Services Sunday were all about Missions – we had three missionary families making presentations in three different Sunday School classes as well as during morning and evening services. The morning sermon was given by a missionary to Guatemala that our church provides support to monthly. We have for several years. Missionaries do not do well without the support of churches – Paul’s letters tell us how far back that relationship goes. Churches cannot fulfill the Great Commission without missionaries. Our ministries are different in scope, but just as a marriage, we are better for the relationship.

Go ye therefore, and teach all nations, baptizing them in the name of the Father, and of the Son, and of the Holy Ghost: Teaching them to observe all things whatsoever I have commanded you: and, lo, I am with you alway, even unto the end of the world. Amen. (Matthew 28:19-20 KJV)

“Teach.” Not coerce, bribe, coax, cajole – we are to teach. “All nations.” Not the ones we think “need it” the most, are friendly to us or are closest. All. “Baptizing.” In specifics, too. It takes a reading of all four gospels to see “all things whatsoever I have commanded you,” but He did give the two important ones – and I shared them yesterday in Matthew 22:36-40.

The same word is used in commandments in those verses: ἀγαπάω – agapao. Love – not to be just fond of or affectionate toward, but to love as one loves to breath; to know the love that provides life; the relationship between God and man. A Greek word that is never summed up in a single English word, especially one we use to express feelings for foods, colors or clothing. “I just love that purple hat!”

But – as usual – I digress from my original thought – a cookbook that includes a partial verse from John, chapter 21. It was Jesus’ third appearance following His resurrection. He is on the shore, the disciples have returned to their regular job – fishing. He tells them to cast their nets, which were then filled. Then,

Jesus saith unto them, Come and dine. And none of the disciples durst ask him, Who art thou? knowing that it was the Lord. (John 21:12 KJV)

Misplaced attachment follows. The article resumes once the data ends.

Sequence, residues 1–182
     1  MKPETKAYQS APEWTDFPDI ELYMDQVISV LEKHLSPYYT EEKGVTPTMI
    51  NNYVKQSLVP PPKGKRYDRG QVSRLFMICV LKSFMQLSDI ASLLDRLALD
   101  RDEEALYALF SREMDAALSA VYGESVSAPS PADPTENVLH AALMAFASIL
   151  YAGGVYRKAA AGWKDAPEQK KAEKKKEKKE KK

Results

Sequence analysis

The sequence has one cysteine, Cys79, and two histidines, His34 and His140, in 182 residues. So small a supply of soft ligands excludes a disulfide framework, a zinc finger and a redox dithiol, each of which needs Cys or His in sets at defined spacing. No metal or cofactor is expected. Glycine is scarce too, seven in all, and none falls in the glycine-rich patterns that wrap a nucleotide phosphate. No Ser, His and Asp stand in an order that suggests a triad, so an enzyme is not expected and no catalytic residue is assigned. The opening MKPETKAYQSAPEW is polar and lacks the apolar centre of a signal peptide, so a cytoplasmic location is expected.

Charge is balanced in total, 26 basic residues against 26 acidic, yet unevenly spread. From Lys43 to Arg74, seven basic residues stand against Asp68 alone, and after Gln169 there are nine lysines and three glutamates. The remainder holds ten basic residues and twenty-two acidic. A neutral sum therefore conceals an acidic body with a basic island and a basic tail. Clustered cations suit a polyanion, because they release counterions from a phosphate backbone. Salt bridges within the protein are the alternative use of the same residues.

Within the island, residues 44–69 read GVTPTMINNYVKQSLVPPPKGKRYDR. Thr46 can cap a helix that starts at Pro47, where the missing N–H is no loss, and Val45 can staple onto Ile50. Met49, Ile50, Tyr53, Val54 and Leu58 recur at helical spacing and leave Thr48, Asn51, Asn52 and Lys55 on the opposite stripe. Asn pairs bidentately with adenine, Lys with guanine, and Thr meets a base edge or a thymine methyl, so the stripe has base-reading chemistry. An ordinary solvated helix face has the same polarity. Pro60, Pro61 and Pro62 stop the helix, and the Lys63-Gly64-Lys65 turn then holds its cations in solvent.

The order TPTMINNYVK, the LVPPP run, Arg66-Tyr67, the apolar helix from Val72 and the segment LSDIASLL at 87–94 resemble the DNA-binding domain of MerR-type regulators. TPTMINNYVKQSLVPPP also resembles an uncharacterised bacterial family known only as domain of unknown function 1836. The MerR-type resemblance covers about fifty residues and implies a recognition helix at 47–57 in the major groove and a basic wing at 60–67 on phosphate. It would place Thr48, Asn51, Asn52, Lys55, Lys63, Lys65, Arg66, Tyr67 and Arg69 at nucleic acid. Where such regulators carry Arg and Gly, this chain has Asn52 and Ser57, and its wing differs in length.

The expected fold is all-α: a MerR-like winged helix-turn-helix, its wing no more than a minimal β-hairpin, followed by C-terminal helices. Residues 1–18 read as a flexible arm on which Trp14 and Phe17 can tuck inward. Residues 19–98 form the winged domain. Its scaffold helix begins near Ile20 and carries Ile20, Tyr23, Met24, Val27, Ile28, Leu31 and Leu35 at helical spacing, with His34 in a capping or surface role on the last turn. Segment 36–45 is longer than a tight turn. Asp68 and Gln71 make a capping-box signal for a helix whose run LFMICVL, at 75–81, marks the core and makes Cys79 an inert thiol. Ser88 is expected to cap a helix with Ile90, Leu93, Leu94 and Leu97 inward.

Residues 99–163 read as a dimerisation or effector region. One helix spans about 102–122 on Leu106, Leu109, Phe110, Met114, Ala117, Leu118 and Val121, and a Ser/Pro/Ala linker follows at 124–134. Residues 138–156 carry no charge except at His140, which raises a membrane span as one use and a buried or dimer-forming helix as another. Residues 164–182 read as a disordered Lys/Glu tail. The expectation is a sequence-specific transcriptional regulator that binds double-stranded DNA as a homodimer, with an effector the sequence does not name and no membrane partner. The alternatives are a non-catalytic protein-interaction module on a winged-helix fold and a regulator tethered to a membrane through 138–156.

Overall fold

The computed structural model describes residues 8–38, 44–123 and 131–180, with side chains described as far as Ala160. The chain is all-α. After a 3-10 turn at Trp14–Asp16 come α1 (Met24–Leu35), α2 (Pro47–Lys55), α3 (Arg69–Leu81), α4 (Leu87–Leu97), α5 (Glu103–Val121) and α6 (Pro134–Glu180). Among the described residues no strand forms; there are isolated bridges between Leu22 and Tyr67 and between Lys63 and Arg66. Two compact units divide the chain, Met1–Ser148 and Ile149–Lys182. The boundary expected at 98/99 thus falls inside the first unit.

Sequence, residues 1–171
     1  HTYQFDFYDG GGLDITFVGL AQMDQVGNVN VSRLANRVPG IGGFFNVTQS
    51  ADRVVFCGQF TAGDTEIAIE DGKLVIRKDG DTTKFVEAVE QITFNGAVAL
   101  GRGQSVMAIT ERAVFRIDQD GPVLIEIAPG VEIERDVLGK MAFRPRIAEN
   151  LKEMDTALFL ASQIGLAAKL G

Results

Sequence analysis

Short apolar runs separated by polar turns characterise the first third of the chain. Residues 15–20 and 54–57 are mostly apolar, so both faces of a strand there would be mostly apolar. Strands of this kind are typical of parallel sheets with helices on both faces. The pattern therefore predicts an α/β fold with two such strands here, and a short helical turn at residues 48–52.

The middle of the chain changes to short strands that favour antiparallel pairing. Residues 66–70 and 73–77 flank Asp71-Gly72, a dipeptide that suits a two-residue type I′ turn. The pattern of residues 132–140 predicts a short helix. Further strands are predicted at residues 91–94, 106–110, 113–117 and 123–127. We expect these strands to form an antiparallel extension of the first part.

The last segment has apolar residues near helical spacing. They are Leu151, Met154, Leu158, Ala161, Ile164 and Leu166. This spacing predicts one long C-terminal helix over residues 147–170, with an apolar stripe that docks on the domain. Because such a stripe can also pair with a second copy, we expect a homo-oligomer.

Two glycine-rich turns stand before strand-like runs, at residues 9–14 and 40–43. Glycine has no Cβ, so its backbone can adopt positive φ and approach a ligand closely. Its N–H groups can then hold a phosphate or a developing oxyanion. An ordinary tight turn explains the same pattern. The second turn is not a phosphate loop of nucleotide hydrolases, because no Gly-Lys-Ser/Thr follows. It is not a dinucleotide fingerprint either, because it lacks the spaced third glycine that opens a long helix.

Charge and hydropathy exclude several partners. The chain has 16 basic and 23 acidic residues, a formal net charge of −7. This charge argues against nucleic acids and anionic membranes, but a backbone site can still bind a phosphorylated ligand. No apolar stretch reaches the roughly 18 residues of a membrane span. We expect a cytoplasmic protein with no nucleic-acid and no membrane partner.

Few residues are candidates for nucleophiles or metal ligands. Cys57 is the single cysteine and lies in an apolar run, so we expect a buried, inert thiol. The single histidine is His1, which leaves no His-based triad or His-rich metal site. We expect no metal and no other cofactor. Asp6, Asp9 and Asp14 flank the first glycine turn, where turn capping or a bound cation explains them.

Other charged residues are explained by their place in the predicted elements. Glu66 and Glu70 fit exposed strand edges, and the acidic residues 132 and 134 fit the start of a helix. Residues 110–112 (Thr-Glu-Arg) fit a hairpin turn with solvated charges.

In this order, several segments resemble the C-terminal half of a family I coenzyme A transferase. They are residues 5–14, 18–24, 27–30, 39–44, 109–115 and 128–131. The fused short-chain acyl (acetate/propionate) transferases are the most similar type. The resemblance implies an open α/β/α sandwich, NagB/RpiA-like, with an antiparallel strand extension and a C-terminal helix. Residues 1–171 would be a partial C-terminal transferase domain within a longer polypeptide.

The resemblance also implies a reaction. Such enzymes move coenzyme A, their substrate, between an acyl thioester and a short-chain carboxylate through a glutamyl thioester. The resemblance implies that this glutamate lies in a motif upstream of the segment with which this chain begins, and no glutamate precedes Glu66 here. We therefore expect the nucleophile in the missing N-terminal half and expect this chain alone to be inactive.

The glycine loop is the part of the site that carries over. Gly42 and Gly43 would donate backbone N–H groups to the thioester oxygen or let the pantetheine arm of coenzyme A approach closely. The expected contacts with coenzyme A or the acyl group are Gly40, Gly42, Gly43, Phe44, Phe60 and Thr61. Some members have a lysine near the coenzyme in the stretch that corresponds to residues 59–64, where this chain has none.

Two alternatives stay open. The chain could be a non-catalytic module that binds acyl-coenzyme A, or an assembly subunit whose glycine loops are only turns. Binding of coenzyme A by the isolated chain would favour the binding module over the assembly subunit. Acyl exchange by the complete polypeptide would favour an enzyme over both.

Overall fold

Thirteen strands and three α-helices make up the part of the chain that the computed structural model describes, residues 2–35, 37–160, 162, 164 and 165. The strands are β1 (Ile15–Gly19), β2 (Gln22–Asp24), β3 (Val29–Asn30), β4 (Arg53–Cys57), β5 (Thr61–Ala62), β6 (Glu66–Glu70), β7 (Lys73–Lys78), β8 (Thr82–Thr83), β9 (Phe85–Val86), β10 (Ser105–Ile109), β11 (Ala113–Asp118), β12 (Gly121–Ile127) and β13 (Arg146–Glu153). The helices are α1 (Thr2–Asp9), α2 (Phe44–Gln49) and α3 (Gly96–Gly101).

They recognized Him. That’s what He expects from us, recognition of our Lord.

John closes that 21st chapter with a verse I believe whole-heartedly, but also believe that in every reading of Bible verses, there is a message and application in our daily lives. Take time to see Him, and the application:

And there are also many other things which Jesus did, the which, if they should be written every one, I suppose that even the world itself could not contain the books that should be written. Amen. (John 21:25 KJV)

Sunday, October 12, 2014

What Is Required

I charge thee therefore before God, and the Lord Jesus Christ, who shall judge the quick and the dead at his appearing and his kingdom; (2 Timothy 4:1 KJV)

Paul is writing Timothy, giving instructions on what to do once Paul can no longer offer advice. This letter has been shared for two millennium and continues to be excellent advice. Our ministry may not be the same as Timothy’s, but we all have one and need to be reminded that our authority remains our Lord.

We know what the Lord requires:

And now, Israel, what doth the LORD thy God require of thee, but to fear the LORD thy God, to walk in all his ways, and to love him, and to serve the LORD thy God with all thy heart and with all thy soul, (Deuteronomy 10:12 KJV)

He reminds us in other verses:

He hath shewed thee, O man, what is good; and what doth the LORD require of thee, but to do justly, and to love mercy, and to walk humbly with thy God? (Micah 6:8 KJV)

He tells us that’s the most important commandment, and with one other all law and prophecy is founded:

Master, which is the great commandment in the law? Jesus said unto him, Thou shalt love the Lord thy God with all thy heart, and with all thy soul, and with all thy mind. This is the first and great commandment. And the second is like unto it, Thou shalt love thy neighbour as thyself. On these two commandments hang all the law and the prophets. (Matthew 22:36-40 KJV)

If we can’t get that first one, how can we possible get the second? Just as the lawyer, we tempt our Lord and ask for definitions of "neighbor":

And, behold, a certain lawyer stood up, and tempted him, saying, Master, what shall I do to inherit eternal life? He said unto him, What is written in the law? how readest thou? And he answering said, Thou shalt love the Lord thy God with all thy heart, and with all thy soul, and with all thy strength, and with all thy mind; and thy neighbour as thyself. And he said unto him, Thou hast answered right: this do, and thou shalt live. But he, willing to justify himself, said unto Jesus, And who is my neighbour? (Luke 10:25-29 KJV)